Five Nights in Paris: After Dark in the City of Light - John Baxter (2015)
Chapter 1. As Through a Glass, and Darkly
“I dare say, moreover,” she pursued with an interested gravity, “that I do, that we all do here, run too much to mere eye. But how can it be helped? We’re all looking at each other—and in the light of Paris one sees what things resemble. That’s what the light of Paris seems always to show. It’s the fault of the light of Paris—dear old light!”
HENRY JAMES, The Ambassadors
Some years ago, as a change from spending all my time writing, I began taking people on literary walks. It started by chance, when someone hired to lead such a walk for the Paris Writers’ Workshop, of which I was codirector, didn’t seem up to the task. To my surprise, I found I enjoyed it. However, a certain chill on the part of fellow writers made it clear they didn’t approve. Apparently it Simply Wasn’t Done. This just made me more determined.
Not only did it turn out to be great fun, and an opportunity to meet interesting people. It was also educational. I thought I knew my adoptive city pretty well. As it turned out, I was woefully ignorant.
My greatest problem proved to be where to take my clients. It wasn’t that there was too little to show—rather, there was too much.
Asked how many expatriates worked in the arts in Montparnasse during the 1920s, writer and editor Robert McAlmon estimated 250. Not so many, perhaps—except that most lived within a mile of our apartment. Keeping track of these people and giving each of them a voice can be like trying to follow a single conversation in the din of a noisy party.
The period we call les années folles—the crazy years—is a blur of cocktails, jazz, and talk. Most memoirs of the period were written thirty years after the event, and often set out to settle old scores rather than provide an accurate record. Documentation is skimpy. Tape recorders weren’t invented, and the only people taking notes were journalists, who felt free to improvise and invent. Facts and dates were of little account to them. Was Cole Porter actually in Paris in 1928 when he wrote the musical Paris? And did F. Scott Fitzgerald publish The Great Gatsby before or after he met Ernest Hemingway? With a deadline looming and too little time for research, it was easier to invent.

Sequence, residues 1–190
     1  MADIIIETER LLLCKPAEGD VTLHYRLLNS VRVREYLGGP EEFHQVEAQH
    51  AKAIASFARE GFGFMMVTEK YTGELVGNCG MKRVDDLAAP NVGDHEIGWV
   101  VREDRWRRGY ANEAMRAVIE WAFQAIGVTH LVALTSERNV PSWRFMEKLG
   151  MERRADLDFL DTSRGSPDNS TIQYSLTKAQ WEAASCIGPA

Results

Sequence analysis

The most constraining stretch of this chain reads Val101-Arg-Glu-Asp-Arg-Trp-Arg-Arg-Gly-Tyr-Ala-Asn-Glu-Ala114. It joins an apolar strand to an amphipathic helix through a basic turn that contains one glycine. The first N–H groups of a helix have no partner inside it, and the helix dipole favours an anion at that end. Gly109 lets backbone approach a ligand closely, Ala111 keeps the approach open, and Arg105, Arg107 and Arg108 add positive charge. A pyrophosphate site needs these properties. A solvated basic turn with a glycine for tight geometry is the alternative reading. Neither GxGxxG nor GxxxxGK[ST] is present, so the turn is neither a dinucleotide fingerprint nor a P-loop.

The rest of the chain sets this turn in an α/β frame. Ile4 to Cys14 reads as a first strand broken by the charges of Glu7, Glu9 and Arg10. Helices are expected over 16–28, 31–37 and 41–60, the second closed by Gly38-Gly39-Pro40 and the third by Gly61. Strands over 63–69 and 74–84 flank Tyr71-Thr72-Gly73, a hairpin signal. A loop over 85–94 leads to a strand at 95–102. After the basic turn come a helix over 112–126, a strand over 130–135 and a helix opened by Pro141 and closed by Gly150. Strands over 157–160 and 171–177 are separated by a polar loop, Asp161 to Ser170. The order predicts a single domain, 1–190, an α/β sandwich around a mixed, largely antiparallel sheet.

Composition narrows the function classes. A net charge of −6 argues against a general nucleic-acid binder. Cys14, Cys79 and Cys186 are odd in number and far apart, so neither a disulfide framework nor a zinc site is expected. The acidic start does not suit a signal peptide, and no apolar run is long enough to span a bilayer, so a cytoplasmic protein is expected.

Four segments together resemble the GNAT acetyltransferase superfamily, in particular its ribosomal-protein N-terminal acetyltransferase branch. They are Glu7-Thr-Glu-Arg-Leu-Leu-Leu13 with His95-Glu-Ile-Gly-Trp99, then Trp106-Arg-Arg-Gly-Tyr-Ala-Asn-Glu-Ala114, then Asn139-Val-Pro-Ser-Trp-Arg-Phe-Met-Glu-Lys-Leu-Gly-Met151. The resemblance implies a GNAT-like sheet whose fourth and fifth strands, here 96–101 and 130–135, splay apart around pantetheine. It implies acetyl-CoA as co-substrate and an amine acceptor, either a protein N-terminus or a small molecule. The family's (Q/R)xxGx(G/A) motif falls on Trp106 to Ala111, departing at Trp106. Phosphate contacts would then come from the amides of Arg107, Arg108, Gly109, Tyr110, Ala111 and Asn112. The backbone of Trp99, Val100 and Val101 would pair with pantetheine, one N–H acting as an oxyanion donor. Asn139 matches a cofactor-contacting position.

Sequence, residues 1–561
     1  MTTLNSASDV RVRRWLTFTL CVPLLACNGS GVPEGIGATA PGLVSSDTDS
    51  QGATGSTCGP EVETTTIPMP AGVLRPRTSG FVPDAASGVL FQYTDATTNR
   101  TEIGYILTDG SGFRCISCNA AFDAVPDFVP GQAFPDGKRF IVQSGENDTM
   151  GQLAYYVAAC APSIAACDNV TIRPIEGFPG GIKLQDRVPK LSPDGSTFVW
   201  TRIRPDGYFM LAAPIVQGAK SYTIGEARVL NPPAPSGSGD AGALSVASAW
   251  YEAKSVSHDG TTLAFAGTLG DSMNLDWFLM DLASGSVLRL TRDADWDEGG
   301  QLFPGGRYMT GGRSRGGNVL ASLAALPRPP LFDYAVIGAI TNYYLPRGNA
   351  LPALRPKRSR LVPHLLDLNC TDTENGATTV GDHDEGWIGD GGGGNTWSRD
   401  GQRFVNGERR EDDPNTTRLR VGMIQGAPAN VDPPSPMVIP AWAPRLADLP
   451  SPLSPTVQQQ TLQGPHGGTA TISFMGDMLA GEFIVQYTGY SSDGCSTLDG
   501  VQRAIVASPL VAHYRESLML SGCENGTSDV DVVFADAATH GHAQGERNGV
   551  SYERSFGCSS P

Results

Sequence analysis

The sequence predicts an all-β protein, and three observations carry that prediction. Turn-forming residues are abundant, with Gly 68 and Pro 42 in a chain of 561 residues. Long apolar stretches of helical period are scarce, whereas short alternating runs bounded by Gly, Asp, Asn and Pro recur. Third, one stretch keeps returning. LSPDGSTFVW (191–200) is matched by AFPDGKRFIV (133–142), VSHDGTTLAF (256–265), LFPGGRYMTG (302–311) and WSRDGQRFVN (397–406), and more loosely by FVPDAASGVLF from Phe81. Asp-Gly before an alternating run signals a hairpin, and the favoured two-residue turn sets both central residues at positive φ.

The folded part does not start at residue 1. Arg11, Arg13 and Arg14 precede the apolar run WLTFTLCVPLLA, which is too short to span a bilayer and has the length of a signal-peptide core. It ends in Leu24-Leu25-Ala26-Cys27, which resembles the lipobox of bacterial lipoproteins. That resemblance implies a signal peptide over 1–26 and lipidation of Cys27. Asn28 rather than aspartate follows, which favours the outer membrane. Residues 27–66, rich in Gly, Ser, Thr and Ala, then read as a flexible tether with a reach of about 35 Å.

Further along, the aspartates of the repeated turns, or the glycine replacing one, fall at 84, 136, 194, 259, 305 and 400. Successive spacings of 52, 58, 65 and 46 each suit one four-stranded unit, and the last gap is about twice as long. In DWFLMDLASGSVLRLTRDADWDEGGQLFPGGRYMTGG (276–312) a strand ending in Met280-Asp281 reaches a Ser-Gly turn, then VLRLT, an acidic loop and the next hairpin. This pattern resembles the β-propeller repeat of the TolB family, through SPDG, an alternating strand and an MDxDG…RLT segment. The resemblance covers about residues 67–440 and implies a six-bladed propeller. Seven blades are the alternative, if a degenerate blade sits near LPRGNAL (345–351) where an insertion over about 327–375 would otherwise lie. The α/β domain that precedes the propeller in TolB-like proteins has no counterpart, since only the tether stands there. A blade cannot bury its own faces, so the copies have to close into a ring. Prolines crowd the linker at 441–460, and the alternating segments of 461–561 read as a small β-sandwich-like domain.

If chronicling the famous is difficult, how much more so those who never fulfilled their promise? Who today remembers Harold Stearns, George Davis, Hilda Doolittle, Glenway Wescott, Kay Boyle, Walter Berry, Mina Loy, Morley Callaghan, Elliot Paul, Harry Crosby? Yet all have voices just as loud as Hemingway or Stein. Once you add the other communities, such as the Spanish (Picasso painted Guernica a few blocks from our apartment), German (Wagner lived almost as close), Russian (Lenin drank at the Le Dôme café, on the other side of the Luxembourg Gardens), even the Australians (an Aussie painter named Agnes Goodsir actually lived in our apartment from 1919 to 1939), the conversations rise to a cacophony.
When Hemingway called Paris “a moveable feast,” he didn’t mention that there’s no menu. The table sags under the weight of incidents, personalities, anecdotes, legends, lies. A century of remarkable achievement and extraordinary people has left traces everywhere. Tom Paine wrote The Rights of Man two doors away from our home. Contact Editions, which published Hemingway’s first book, Three Stories and Ten Poems, was a little farther down the street. So was the city’s most famous English-language bookshop Shakespeare & Company. Its proprietor, Sylvia Beach, publisher of Ulysses, had an apartment in our building . . . and that’s just one street.
Paris is the ultimate museum. Other capitals demolish, renovate, and repurpose their great buildings and sell off their treasures, often looting those of other nations to replace them. By contrast, the French conserve, restore, and repair their architecture and cling to the work of their creative people. No country invests so much in protecting and sustaining its artists, whether writers, painters, filmmakers, or musicians. Each café, boutique, apartment building, or bookshop has not one story but several . . .
For anyone leading literary tours, it’s a nightmare.